(Bloomberg) — A sobering warning for Wall Street and beyond: The Federal Reserve is still on a collision course with financial markets.
Most Read by Bloomberg
Stocks and bonds are set to retreat once again, even though inflation has likely peaked, according to the latest MLIV Pulse survey, as rate hikes reawaken the deep sell-offs of 2022. Ahead of the Jackson Hole symposium later this week, 68% of respondents see the most destabilizing era of price pressures in decades eroding corporate margins and sending stocks lower.
The majority of the more than 900 contributors, which include strategic and day traders, believe that inflation is over. But a whopping 84% say it could take two years or more for the Jerome Powell-led central bank to bring it down to its official long-term target of 2%. Meanwhile, American consumers will cut back on spending and unemployment will rise above 4%.
All of this bearish sentiment underscores the deep skepticism investors harbor about the $7 trillion stock’s unexpected rally of late. While stocks fell last week, the S&P 500 is still limiting its loss for 2022 to 11% from a 23% drop to its mid-June nadir.
“This is a bear market trap,” Victoria Greene, founding partner of G Squared Private Wealth, said in an interview. “Inflation is the big, bad boogeyman. Even if there is indeed a sustained decline in inflation, it could be some time before prices actually come down.”
The survey results spell trouble for bear buyers, who have re-emerged after a horrendous first half – due to bets on a less bullish monetary tightening cycle, while a number of quant funds have shifted to bullish positions. In turn, stocks around the world have clawed back some of their worst losses, while the yield on the 10-year bond has fallen to around 3% from a peak near 3.5% earlier this year.
MLIV respondents, for their part, think bond prices are set to fall again next month, with Fed Chairman Powell having a chance to renew bullish market expectations at this week’s meeting in Jackson Hole Wyoming. Fed funds futures currently show traders betting the central bank will stop hiking after raising the benchmark rate to 3.7% and begin tapering from May 2023. However, even the doves are pushing back, with Minneapolis Fed President Neel Kashkari suggesting a rate of 4.4%. until the end of next year.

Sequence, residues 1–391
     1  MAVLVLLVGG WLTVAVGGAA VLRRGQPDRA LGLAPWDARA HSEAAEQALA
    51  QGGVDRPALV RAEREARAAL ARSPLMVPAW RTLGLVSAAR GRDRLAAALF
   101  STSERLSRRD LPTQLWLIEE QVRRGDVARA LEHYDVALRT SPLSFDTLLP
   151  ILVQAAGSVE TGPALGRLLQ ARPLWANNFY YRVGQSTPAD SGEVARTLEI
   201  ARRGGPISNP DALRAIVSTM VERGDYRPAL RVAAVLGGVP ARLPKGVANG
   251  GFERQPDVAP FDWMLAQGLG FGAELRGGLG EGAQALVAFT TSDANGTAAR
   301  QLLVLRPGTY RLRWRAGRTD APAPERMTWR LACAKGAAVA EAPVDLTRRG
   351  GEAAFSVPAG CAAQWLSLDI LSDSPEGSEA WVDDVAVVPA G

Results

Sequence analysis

It’s hard to overstate why all of this matters. The rapid pace of monetary tightening and the resulting economic impact is the biggest risk for money managers around the world, with interest rates a key driver of corporate valuations. The bad news, according to survey participants, is that inflation will take a significant hit on margins, pushing stocks lower.
While the effect of inflation on margins is very much an open question, the majority of MLIV readers seem closer to the bearish spectrum of a heated debate on Wall Street about where stocks are headed. As high prices persist, consumers are likely to buy less over the next six months, the majority of respondents say.
That’s in line with warnings from the world’s biggest retailer, Walmart Inc., that rising inflation is forcing shoppers to pay more for essential items at the expense of other discretionary items. A cut in consumer spending would impose a clear drag on earnings at S&P 500 companies, which are also struggling with higher wages, rising inventories and ongoing supply chain problems in China.
While S&P 500 margins peaked a year ago, the threshold may be reached in the fourth quarter, according to Bloomberg Intelligence. Consensus estimates for net income margins have fallen about half a percentage point for both the third and fourth quarters since the start of this earnings season, with the communications, health care and consumer sectors among the weakest groups. the BI figures show.
Contributors also estimate that unemployment is likely to rise above 4% but not above 6% — a troubling level that is higher than policymakers expect but lower than in previous severe economic downturns . This offers some comfort that any downturn would be short-lived, providing an opportunity to buy risk assets.
“It’s rare for the Fed to tighten policy aggressively without causing market volatility,” said John Cunnison, chief investment officer at Baker Boyer Bank. “Stocks are not very cheap right now, but they are not as expensive as they were six months ago, especially growth companies.”
For more market analysis, go to MLIV. Sign up for MLIV surveys here.
Most Read by Bloomberg Businessweek
©2022 Bloomberg LP